Impression: RBBB with unstable bradycardia from posterior MI. Posterior leads not needed and not helpful, as they were equivocal (below). Patient given vasopressors, aspirin, plavix and heparin, and cath lab activated: 100% occlusion to circumflex graft. Peak Trop I of 50,000.

Case 5: WPW + infero-posterior occlusion MI

  • H: NSR
  • E: first has WPW, repeat has normal conduction; both have small U waves in V2-3
  • A: normal axis
  • R: first has tall R in V1 from WPW, repeat has early R wave progression (R=S in V2)
  • T: no hypertrophy
  • S: first has secondary anterior ST depression from WPW, repeat has primary anterior ST depression, inferior ST elevation and reciprocal change in aVL

Impression: left-sided WPW intermittently conducted and masking infero-posterior occlusion MI. Cath lab activated. ECG recorded before cath has intermittent WPW masking the MI, with beats 2-3 normally conducted and revealing inferior elevation:

Discharge ECG has concealed conduction, resolution of primary ST changes, and inferior reperfusion TWI.

Case 6: HCM

  • H: sinus bradycardia
  • E: RBBB
  • A: left axis from LVH
  • R: reverse R wave progression
  • T: LVH
  • S: secondary repolarization changes

Impression: BBB + severe LVH with repolarization changes. Cath lab was activated but coronaries were clean, and HCM was diagnosed on echo.

Case 7: PE

  • H: NSR
  • E: normal conduction (RsR’ in V2 likely from high lead placement)
  • A: normal axis
  • R: almost R=S in V1
  • T: no hypertrophy
  • S: S1Q3T3 and antero-inferior T wave inversion

Impression: multiple findings concerning for PE with RV strain. CT: saddle embolism.

Case 7: dextrocardia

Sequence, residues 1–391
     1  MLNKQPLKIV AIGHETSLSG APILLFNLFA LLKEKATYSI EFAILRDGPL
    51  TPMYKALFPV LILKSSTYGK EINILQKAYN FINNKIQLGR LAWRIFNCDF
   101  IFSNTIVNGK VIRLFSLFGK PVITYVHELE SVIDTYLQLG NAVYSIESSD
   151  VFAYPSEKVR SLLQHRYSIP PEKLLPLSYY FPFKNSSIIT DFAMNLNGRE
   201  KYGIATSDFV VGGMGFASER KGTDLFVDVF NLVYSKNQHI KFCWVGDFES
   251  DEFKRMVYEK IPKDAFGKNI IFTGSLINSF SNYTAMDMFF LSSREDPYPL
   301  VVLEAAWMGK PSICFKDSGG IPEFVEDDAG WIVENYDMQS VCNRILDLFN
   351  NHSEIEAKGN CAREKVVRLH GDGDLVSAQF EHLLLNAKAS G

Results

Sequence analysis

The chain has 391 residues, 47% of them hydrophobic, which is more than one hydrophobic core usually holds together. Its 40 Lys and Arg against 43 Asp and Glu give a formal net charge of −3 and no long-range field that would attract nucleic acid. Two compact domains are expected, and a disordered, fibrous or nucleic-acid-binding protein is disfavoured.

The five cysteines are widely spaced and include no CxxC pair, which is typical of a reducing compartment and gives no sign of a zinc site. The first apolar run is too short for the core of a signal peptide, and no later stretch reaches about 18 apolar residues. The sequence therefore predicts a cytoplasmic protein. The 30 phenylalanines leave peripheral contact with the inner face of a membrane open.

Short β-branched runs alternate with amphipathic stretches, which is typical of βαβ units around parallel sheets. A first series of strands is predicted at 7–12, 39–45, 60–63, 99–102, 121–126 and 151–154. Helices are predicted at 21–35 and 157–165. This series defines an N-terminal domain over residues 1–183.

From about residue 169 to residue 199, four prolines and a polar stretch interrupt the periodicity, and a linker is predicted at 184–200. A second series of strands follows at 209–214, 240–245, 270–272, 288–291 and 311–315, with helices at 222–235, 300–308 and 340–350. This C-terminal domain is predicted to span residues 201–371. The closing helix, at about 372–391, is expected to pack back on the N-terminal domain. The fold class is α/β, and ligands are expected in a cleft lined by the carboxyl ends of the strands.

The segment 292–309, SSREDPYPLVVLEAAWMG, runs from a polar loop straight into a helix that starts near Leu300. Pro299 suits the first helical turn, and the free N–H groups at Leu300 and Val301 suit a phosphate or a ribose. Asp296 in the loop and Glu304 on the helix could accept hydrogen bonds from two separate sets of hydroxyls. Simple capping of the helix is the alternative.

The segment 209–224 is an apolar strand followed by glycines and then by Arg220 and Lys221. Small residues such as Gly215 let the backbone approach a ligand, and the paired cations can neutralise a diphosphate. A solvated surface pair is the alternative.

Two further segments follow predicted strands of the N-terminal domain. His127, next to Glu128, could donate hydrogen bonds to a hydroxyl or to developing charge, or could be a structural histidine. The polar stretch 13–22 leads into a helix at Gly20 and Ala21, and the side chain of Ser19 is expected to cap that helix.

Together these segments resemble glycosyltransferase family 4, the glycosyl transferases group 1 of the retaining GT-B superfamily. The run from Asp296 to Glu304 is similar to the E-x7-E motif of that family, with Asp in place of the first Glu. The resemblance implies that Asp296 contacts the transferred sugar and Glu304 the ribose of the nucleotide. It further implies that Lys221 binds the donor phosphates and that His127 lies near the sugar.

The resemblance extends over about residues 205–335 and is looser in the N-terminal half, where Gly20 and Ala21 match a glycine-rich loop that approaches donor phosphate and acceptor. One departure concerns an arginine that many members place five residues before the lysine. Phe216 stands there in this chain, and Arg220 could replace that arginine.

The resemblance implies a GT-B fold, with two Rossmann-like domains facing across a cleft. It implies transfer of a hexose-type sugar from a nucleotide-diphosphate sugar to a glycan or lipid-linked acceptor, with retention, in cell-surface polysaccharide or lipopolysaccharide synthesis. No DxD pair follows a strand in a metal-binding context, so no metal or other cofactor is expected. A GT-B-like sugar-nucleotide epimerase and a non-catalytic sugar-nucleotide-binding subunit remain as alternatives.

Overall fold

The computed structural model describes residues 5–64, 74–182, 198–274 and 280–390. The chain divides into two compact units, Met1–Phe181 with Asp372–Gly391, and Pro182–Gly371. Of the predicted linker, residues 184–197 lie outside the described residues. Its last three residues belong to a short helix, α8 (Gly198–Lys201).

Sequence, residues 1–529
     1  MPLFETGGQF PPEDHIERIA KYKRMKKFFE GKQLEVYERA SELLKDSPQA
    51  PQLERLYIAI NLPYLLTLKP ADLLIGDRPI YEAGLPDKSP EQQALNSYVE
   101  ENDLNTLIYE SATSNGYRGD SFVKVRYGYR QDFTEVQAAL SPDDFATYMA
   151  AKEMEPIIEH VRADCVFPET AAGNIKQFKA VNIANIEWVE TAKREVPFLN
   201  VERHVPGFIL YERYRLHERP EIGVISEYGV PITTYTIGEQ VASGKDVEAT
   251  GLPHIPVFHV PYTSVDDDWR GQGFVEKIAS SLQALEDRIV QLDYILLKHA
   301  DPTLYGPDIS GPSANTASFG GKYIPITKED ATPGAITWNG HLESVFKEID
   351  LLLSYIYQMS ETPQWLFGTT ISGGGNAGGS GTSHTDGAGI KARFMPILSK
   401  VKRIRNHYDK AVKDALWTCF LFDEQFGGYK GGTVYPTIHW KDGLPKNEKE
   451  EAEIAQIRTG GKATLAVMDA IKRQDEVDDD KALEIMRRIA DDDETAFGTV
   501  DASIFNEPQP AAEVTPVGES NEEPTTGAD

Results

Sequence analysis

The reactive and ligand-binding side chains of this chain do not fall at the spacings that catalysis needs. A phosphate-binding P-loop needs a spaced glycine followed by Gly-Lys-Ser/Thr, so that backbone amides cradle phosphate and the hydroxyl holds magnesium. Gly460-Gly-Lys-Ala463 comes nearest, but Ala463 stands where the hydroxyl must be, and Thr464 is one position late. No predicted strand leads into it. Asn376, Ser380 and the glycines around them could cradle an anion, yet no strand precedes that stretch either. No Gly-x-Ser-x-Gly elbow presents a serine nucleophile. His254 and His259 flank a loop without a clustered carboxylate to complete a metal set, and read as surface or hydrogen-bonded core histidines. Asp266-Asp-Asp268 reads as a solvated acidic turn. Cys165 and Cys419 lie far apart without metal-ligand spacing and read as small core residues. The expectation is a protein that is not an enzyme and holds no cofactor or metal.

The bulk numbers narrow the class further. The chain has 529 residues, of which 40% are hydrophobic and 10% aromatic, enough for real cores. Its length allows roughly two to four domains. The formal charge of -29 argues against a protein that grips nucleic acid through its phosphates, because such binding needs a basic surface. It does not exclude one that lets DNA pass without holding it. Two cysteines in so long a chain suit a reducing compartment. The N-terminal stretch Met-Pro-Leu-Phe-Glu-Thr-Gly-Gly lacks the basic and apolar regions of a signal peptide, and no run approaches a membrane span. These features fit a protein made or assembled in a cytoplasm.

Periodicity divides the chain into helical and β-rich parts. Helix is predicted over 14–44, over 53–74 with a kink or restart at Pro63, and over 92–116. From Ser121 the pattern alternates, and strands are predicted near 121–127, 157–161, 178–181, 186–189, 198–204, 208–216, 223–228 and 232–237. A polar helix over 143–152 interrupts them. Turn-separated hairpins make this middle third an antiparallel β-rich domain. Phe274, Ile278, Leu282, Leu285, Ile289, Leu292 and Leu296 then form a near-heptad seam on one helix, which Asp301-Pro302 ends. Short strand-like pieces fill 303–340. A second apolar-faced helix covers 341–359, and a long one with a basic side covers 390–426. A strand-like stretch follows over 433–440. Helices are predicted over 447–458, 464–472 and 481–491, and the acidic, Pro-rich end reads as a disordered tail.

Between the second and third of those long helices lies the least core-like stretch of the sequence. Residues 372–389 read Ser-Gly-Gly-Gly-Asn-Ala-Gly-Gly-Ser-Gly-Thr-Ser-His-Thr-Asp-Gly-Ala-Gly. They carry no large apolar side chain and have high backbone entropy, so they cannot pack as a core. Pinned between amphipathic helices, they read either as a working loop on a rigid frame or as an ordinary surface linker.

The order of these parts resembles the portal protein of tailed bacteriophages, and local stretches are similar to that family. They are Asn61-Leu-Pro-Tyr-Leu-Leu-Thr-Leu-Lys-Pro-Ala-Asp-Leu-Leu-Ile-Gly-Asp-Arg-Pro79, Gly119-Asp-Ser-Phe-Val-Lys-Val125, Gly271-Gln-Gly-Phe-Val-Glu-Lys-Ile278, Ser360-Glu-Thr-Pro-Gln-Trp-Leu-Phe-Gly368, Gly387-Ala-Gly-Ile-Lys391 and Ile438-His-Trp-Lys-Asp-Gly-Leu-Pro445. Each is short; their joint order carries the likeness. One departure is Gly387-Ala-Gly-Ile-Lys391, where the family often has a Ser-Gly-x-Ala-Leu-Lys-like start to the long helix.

• H: NSR with inverted P wave in I – lead reversal vs dextrocardia
  • E: normal conduction
  • A: extreme axis deviation
  • R: reverse R wave progression
  • T: no hypertrophy
  • S: diffuse T wave inversions concordant to inverted P waves and QRS complex

Impression: dextrocardia. Negative trops and Dimer. ECG normalized by reversing the leads:

Take home points for ECG Cases 15: Tall R Wave in V1

  1. Remember the “R-WAVED” differential for tall R wave in V1: RBBB or left sided VT, WPW left sided, AMI posterior, Ventricular hypertrophy, Embolism, or Dextrocardia/dystrophy/displaced leads
  2. Tall R waves in V1 from abnormal depolarization (RBBB, WPW, RVH, HCM) produce secondary repolarization ST/T changes that can mask or mimic ischemia

References for ECG Cases 15: Tall R Wave in V1

  1. Mattu A, Brady WJ, Perron AD, et al. Prominent R wave in lead V1: electrocardiographic differential diagnosis. Am J of Emerg Med 2001 Oct;19(6):504-13
  2. Rosner MH, Brady WJ, Kefer MP, et al. Electrocardiography in the patient with the Wolff-Parkinson-White syndrome: diagnostic and therapeutic issues. Am J Emerg Med 1999 Nov;17(7):705-14